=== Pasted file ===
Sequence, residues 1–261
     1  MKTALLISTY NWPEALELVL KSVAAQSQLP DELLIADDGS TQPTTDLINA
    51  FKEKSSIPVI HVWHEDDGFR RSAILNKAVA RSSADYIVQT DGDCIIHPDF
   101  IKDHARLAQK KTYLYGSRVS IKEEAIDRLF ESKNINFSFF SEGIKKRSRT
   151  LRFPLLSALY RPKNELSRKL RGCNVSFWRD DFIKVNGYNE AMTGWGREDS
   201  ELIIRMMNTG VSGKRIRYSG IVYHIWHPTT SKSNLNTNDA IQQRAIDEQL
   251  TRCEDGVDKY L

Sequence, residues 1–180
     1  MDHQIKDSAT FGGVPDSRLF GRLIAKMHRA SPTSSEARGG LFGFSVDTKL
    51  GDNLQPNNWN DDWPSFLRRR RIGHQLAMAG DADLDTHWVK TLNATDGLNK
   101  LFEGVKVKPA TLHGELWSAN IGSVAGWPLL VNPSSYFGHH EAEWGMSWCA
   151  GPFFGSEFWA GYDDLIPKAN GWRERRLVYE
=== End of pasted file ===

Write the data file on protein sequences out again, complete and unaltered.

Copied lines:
Sequence, residues 1–261
     1  MKTALLISTY NWPEALELVL KSVAAQSQLP DELLIADDGS TQPTTDLINA
    51  FKEKSSIPVI HVWHEDDGFR RSAILNKAVA RSSADYIVQT DGDCIIHPDF
   101  IKDHARLAQK KTYLYGSRVS IKEEAIDRLF ESKNINFSFF SEGIKKRSRT
   151  LRFPLLSALY RPKNELSRKL RGCNVSFWRD DFIKVNGYNE AMTGWGREDS
   201  ELIIRMMNTG VSGKRIRYSG IVYHIWHPTT SKSNLNTNDA IQQRAIDEQL
   251  TRCEDGVDKY L

Sequence, residues 1–180
     1  MDHQIKDSAT FGGVPDSRLF GRLIAKMHRA SPTSSEARGG LFGFSVDTKL
    51  GDNLQPNNWN DDWPSFLRRR RIGHQLAMAG DADLDTHWVK TLNATDGLNK
   101  LFEGVKVKPA TLHGELWSAN IGSVAGWPLL VNPSSYFGHH EAEWGMSWCA
   151  GPFFGSEFWA GYDDLIPKAN GWRERRLVYE